FDA approves Indivior’s monthly injection to treat opioid addiction

Summary and Analysis…

This article covers the first long-acting form of Suboxone approved by the FDA. It is hoped that by moving to a long-acting form of Suboxone administered in doctors’ offices that some of the current problems with Suboxone diversion will be reduced. The FDA is expected to rule on a second long-acting form of Suboxone from Braeburn Pharmaceuticals this month. (Braeburn was involved in some controversy last year when it was discovered it had secretly funded a pro-Medication-Assisted Treatment publicity campaign mounted by the recently established Advocates for Opioid Recovery.)

Dr. Andrew Kolodny, an expert quoted in the article suggests the new long-acting forms “could open up opportunities for getting more patients on buprenorphine.”

Recent history indicates that every attempt to increase distribution of opioids while reducing diversion has resulted in more diversion — unethical prescribers, heavy drug company marketing and the unfortunate ingenuity of the community of addicts have consistently found ways to divert and abuse new forms of opioids.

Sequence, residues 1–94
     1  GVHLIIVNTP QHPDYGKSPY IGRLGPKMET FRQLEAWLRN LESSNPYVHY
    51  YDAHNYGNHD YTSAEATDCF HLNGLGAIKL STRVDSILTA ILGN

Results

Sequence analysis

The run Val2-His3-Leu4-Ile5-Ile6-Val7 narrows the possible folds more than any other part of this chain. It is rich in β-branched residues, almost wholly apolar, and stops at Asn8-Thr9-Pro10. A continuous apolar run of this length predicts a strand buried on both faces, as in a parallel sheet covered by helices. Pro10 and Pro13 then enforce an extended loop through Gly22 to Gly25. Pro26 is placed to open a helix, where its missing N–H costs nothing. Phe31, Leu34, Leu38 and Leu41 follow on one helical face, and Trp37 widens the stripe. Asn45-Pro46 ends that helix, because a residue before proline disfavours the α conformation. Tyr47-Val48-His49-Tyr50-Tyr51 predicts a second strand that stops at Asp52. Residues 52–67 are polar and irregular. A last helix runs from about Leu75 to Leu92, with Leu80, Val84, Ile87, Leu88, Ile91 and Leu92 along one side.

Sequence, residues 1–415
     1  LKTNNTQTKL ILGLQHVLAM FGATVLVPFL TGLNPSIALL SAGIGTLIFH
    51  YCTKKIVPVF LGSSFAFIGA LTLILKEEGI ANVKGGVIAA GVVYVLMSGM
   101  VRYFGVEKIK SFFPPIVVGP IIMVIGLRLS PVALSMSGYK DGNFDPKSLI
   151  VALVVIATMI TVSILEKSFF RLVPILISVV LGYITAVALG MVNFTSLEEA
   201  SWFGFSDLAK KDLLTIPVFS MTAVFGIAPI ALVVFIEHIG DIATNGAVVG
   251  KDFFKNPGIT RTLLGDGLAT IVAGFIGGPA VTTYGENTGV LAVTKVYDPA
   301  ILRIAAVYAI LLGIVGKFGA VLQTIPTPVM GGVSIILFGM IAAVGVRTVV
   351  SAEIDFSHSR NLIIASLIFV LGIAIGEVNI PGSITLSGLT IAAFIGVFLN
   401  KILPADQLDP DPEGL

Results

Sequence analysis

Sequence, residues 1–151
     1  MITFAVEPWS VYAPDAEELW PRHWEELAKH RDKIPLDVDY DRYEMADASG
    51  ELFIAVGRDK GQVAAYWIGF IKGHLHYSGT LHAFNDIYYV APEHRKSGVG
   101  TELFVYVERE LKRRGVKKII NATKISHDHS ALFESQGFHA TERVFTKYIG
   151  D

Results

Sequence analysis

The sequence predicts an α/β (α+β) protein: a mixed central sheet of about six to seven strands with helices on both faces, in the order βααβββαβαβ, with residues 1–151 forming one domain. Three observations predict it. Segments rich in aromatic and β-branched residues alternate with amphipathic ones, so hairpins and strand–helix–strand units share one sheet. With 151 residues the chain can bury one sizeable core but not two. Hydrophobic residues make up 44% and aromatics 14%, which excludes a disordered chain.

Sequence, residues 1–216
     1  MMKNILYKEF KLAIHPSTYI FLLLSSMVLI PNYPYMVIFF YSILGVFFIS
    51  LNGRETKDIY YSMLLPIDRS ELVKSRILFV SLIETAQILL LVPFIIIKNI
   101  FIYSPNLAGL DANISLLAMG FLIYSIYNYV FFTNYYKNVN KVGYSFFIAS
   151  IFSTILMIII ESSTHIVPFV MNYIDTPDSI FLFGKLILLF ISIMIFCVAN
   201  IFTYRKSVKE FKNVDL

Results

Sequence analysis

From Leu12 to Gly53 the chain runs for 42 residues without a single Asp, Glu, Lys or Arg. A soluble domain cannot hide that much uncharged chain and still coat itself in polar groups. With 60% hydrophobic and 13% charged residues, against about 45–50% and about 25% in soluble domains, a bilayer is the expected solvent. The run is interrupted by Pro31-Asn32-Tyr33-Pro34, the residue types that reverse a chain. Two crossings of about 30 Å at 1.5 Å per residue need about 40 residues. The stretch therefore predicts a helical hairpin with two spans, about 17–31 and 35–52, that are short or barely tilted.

So, although the long-acting form holds promise, potential unintended consequences and dangers should be carefully evaluated by community leaders and policy makers when planning for its use.

Excerpted from STAT

A new form of a widely used opioid addiction treatment that is injected monthly instead of taken daily as a tablet was approved Thursday by the Food and Drug Administration. Experts say the eagerly anticipated new version of the drug may help patients reduce relapses, disrupt the treatment market, and possibly dispel misconceptions about the drug’s potential for abuse.

Indivior is the first company to gain approval for a monthly injection of buprenorphine. The company is best known for Suboxone, a daily formulation that combines buprenorphine with naloxone into a film that dissolves under the tongue.

“It’s potentially a game changer,” said Dr. Andrew Kolodny, co-director of opioid policy research at Brandeis University. “This could become first-line [medication] for opioid addiction. It could open up opportunities for getting more patients on buprenorphine.”

The new product, known as Sublocade, was one of two long-acting buprenorphine injectable products before the FDA. Approval for Indivior’s drug was anticipated after an advisory panel voted 18 to 1 to recommend it in October. A decision on a similar medication made by Braeburn Pharmaceuticals is expected early next year.